guest post from Ellie Piggott
I’m a former World Champion with the Great Britain Rowing Team and am now embarking on my next career in management consultancy. Having been through a few rounds of interviews, I’ve got a few practical tips to get you ready for your next one!
Sport provides you with a ton of great stories and experiences to share, but there is definitely a skill in being able to tell them succinctly and to someone new who doesn’t have any context.
I found it hard to get this balance right to begin with; too brief and I felt I was underselling myself, but too much explanation and I could sense that I was losing my interviewer. I solved this by listing out all the qualities in an Excel document that I wanted to talk about (leading a team, solving a problem, overcoming an obstacles), and then listing 3/4 examples I wanted to talk about for each. When I practised, I would focus my example on that skill, which helped to stay on point and give an impactful answer. This document was also then a great resource to read through just prior to the interviews to refresh my memory on my ‘best’ stories.
It may seem like a big job to create such a document, but I would highly recommend it as a good investment of time, both for clarity and confidence.
I wish I had started this earlier. I found that I progressed a lot quicker from live practice versus talking to myself out loud. Similar to drills in practice versus an actual race, you get a great sense of where you are strong and which areas need improvement by biting the bullet and doing it.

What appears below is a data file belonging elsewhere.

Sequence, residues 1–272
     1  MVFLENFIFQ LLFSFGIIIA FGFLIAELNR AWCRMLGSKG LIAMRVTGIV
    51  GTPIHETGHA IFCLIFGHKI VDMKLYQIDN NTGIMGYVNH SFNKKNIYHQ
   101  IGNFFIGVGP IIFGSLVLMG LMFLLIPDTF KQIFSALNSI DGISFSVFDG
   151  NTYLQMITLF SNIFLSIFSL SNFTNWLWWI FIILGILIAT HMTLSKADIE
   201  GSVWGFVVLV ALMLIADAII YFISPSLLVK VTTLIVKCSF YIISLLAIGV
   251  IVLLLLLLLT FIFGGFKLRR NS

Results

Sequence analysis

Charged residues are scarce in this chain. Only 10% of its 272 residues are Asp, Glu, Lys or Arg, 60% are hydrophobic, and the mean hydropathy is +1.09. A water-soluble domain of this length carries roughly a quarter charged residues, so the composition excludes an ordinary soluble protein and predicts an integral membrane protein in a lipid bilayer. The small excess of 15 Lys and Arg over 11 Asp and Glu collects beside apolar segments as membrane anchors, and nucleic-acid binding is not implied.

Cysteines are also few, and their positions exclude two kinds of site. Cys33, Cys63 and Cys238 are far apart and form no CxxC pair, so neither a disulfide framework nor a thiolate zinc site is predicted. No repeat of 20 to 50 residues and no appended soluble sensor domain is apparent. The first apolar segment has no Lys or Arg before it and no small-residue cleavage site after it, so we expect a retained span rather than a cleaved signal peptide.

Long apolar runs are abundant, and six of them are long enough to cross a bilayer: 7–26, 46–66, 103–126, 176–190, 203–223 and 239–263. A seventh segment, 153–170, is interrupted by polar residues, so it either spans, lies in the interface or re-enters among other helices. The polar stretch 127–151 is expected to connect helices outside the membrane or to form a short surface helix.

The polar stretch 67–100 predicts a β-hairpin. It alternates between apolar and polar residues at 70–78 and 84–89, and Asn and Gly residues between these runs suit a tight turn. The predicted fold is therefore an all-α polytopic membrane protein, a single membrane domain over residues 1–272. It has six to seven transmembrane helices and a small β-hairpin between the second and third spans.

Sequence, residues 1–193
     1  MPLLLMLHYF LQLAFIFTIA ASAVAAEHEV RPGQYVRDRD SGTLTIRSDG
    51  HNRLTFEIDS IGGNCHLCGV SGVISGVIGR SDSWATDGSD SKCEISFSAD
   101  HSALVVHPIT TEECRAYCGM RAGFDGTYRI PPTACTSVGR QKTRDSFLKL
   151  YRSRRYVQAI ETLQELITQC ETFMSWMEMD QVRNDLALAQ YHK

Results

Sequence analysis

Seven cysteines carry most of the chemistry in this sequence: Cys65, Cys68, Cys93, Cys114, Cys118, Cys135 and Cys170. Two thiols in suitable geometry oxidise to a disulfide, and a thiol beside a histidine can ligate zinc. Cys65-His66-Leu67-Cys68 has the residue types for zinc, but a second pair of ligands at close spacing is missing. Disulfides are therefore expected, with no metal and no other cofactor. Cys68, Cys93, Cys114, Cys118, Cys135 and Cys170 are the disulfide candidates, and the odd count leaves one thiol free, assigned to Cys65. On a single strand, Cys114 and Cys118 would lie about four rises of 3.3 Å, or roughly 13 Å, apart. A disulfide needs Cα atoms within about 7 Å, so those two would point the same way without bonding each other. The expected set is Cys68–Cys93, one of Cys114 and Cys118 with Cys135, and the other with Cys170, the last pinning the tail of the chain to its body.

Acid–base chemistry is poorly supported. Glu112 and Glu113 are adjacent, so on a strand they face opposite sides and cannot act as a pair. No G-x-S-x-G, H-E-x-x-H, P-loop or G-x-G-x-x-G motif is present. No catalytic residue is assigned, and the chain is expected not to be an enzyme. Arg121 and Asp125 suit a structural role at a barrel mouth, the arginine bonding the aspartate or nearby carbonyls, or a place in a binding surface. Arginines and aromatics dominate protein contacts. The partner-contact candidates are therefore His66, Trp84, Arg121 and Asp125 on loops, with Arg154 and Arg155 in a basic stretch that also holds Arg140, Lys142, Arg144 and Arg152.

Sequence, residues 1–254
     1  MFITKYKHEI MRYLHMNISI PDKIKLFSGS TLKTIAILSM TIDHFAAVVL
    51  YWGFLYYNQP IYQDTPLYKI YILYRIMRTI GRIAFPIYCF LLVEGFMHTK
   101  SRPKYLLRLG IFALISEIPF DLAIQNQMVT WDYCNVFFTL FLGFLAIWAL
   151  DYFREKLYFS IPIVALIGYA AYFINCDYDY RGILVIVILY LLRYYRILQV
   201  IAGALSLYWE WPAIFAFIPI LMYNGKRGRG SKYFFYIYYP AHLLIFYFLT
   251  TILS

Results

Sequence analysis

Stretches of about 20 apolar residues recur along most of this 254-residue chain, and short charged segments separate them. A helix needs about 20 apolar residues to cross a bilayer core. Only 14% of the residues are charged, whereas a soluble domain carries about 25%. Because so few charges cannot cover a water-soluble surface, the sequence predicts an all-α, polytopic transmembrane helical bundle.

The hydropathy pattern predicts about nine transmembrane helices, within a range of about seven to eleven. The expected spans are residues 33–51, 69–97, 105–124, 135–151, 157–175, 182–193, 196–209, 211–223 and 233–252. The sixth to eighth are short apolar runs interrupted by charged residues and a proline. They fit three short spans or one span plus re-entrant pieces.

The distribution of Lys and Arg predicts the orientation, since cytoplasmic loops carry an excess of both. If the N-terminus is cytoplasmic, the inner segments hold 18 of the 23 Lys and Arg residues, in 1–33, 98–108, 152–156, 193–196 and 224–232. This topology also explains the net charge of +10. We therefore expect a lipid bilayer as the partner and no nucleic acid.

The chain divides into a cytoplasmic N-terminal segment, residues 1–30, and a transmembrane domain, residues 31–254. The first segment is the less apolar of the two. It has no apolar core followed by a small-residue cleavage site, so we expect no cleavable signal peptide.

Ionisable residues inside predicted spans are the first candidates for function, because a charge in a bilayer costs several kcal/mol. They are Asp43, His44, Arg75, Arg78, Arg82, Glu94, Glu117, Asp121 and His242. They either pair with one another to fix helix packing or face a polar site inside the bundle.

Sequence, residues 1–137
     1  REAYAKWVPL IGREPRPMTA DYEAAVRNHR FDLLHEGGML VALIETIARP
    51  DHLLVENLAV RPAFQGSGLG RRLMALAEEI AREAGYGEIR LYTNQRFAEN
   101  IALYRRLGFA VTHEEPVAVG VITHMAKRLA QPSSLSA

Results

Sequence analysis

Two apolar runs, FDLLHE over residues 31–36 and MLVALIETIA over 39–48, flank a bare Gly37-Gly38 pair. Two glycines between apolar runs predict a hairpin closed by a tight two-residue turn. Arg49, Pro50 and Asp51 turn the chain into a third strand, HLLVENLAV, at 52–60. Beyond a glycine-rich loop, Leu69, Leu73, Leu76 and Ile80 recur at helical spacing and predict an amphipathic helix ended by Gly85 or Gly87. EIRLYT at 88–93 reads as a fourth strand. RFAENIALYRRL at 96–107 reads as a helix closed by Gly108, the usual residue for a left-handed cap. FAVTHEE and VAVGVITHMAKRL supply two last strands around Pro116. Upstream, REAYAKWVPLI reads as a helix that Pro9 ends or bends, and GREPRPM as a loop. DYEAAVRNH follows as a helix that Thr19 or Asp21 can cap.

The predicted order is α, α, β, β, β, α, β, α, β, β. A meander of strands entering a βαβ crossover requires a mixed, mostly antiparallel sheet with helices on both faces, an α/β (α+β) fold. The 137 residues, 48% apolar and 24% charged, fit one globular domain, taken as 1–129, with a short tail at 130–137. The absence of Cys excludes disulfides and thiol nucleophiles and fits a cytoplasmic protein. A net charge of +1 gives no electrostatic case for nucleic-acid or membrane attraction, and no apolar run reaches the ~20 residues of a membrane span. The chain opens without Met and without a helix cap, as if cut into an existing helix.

The first session was daunting, but to begin with I would answer a question, then pause and discuss it, before repeating the question to really embed a clear and confident answer. In rowing we are fortunate to have the support of EIS Performance Lifestyle Advisors (thank you to the fantastic Mel Chowns and Helen Ferguson for my practice grilling!), so reach out to those in your network.
Not everyone you enlist needs to be ultra formal to be of value. I also used friends and family to gain experience and practice. One of the questions I found the hardest to begin with was a simple ‘tell me about yourself’ – it’s meant to be a friendly opener to help you relax, but it’s worth practising so it doesn’t trip you up!
In Olympic sports such as rowing there is only one Great Britain team. Success is binary; it’s black and white as to whether you are in or not, and if you’re not, there isn’t another option open to you.
Yet in most non-sporting careers, there are so many different paths to success and so many different ways to forge a fantastic career. I found this to be a great source of comfort and excitement and, although no doubt intense and challenging at times, helped me to enjoy parts of the interview process.
Yes, that day’s interview might be very important and I wanted to do well, but knowing that this new world was not so black and white meant I didn’t feel the same type of pressure that I often felt in selection situations in sport. This also fed into a productive debrief rhythm for me after each interview; what worked well, what didn’t work so well, and then three things to focus on for the next one.
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